I made another attempt at fw update this morning after the network being turned off overnight, this time it worked and at the very first FW.

I immediately did a backup of DSM410….thank god, as I have a huge investment in time on custom configs in that unit.

Then tried to update incrementaly to next FW and it failed, after that no go on any fw update with same error. Looking at PGN’s being issued from DSM410, it is sending out “self test error status: FLASH REGION 1” which is an EEPROM error I imagine on either corrupted, empty or unreadable.

So, this experience has certainly made me realise how critical the DSM410 is to the boat so have ordered a 2nd immediately.

If it is a packet corruption during sending over the wire, I would have thought that a well implemented CRC checking process would have self corrected that. Not getting that deep into the NMEA2000 protocol, I wouldn’t know if they even implement a robust CRC checking system anyway.

At this stage, I am tending toward thinking is it a heat related semi conductor failiure. When cold, working fine till it warms up.

Have you had experience with this sort of problem, if I may ask James.

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Yes, I have seen that and I don’t update firmware often as a consequence. The problem isn’t common but it can happen and, when it does, it’s a real hassle to recover.  From N2kAnalyzer you can recover the unit using the <setup><recover device> menu. It’ll tell you to disconnect the device, then reconnect, and enter the device serial number. That usually works. If it doesn’t work, you may need to set up a NMEA2000 network with nothing else on it. In the rare times I’ve seen that, I use a USB to NMEA2000 adapter, power inserter, and the bad device only, with a NMEA2000 terminator on both sides.  I’ve never failed in that mode.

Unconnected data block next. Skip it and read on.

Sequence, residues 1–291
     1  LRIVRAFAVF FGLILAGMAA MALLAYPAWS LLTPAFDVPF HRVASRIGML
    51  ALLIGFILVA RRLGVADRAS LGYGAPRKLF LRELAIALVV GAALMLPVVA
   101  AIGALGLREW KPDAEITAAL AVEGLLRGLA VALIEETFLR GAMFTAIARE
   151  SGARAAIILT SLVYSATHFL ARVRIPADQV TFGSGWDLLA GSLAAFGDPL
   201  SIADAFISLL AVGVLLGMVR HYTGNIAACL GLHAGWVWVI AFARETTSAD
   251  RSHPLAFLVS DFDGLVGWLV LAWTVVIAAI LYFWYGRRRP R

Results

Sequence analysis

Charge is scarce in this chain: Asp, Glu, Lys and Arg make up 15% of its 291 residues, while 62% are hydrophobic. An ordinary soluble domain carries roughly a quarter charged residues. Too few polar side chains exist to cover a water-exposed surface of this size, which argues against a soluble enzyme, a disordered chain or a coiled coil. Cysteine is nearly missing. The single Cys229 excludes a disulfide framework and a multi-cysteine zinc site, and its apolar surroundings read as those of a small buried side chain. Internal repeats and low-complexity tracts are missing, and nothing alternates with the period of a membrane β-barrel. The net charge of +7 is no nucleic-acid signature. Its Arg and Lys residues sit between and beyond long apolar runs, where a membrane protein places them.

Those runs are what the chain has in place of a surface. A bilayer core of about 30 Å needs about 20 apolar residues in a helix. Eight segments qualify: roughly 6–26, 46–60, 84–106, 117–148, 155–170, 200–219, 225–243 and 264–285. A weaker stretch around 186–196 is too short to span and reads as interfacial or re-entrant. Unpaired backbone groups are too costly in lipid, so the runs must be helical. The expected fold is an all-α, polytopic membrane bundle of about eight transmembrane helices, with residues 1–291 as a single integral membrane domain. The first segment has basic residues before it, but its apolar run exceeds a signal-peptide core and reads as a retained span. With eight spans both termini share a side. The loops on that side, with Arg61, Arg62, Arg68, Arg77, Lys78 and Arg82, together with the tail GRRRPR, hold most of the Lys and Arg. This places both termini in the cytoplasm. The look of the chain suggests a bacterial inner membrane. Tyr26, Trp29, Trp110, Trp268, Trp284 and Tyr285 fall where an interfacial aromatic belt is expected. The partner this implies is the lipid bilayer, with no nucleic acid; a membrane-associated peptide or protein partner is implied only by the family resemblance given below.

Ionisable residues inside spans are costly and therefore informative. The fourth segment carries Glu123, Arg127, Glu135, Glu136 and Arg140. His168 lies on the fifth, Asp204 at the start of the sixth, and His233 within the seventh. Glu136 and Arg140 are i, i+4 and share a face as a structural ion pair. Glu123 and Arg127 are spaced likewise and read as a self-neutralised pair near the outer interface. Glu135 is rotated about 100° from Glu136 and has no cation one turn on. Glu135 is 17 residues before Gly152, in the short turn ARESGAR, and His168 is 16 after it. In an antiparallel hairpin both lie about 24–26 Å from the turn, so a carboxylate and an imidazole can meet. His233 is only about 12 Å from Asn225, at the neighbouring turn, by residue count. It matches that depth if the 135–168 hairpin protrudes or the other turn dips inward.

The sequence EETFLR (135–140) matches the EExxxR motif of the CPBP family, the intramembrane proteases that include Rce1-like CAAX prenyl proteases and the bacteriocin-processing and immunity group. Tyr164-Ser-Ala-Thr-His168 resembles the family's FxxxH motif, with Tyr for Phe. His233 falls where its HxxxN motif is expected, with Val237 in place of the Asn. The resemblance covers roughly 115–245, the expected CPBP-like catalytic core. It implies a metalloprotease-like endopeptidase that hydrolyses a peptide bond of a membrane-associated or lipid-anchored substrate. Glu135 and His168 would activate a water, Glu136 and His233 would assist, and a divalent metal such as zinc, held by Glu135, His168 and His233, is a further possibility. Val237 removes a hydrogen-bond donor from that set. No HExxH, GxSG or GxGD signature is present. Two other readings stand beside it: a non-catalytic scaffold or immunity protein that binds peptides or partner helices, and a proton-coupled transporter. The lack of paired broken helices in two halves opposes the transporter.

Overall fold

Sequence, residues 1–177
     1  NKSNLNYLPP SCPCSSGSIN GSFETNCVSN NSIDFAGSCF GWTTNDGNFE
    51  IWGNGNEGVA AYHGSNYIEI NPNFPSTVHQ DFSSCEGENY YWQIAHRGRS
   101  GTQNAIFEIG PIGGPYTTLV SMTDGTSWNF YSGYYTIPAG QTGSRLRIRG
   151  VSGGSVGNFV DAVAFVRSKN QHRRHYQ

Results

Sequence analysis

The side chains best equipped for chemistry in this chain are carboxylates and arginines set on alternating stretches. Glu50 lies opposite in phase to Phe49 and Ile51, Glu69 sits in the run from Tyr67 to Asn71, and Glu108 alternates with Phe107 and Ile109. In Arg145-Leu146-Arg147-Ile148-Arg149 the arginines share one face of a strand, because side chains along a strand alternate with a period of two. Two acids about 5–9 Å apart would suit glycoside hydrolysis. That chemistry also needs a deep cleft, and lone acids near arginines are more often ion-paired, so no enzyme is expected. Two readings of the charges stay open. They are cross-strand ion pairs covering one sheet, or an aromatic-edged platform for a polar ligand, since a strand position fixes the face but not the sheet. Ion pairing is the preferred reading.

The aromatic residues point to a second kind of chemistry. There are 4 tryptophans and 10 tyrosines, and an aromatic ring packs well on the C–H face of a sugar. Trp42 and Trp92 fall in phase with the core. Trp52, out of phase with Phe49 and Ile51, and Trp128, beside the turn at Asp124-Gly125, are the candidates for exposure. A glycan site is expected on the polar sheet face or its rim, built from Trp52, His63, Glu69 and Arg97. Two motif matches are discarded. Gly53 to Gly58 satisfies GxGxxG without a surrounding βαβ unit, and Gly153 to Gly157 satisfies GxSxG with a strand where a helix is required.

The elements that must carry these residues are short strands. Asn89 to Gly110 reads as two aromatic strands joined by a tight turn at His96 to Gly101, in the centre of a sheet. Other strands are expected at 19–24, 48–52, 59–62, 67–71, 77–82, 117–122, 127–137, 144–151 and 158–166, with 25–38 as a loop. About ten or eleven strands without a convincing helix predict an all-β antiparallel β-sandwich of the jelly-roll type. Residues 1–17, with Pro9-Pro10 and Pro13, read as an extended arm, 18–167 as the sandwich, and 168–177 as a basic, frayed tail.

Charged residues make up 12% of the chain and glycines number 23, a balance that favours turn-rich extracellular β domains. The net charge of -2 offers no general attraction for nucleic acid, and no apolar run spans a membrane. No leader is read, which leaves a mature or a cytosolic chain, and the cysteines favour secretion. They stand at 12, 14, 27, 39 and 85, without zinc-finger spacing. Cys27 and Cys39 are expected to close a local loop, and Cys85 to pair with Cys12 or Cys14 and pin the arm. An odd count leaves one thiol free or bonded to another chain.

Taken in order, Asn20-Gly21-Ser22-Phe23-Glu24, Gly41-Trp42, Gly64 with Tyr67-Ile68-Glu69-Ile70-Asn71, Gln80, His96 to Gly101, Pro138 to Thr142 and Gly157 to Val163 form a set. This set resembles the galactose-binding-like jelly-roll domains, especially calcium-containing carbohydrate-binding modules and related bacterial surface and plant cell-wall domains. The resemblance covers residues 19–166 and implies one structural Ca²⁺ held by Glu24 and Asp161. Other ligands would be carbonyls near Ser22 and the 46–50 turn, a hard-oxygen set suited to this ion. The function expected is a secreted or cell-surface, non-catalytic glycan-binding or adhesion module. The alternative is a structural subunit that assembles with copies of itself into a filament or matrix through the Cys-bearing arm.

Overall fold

And, if you send it back to Maretron, they will recover it for you.

It might be worth checking your bus using an N2KMeter. If you have any errors happening on the bus, it increases the odds of this sort of issue.  Your bus should produce zero errors in an hour or two of running.


Hi James.

Thanks ever so much on all of that. I tried your suggestion of putting the DSM410 onto a mini NMEA2000 network and moved the IPG100 onto it so I could access it via WIFI. I had a 2nd network that is new and very short just running critical NAV equipment and autopilot.

The FW updates worked a treat, did them from the oldest to newest and all 3x applied successfully.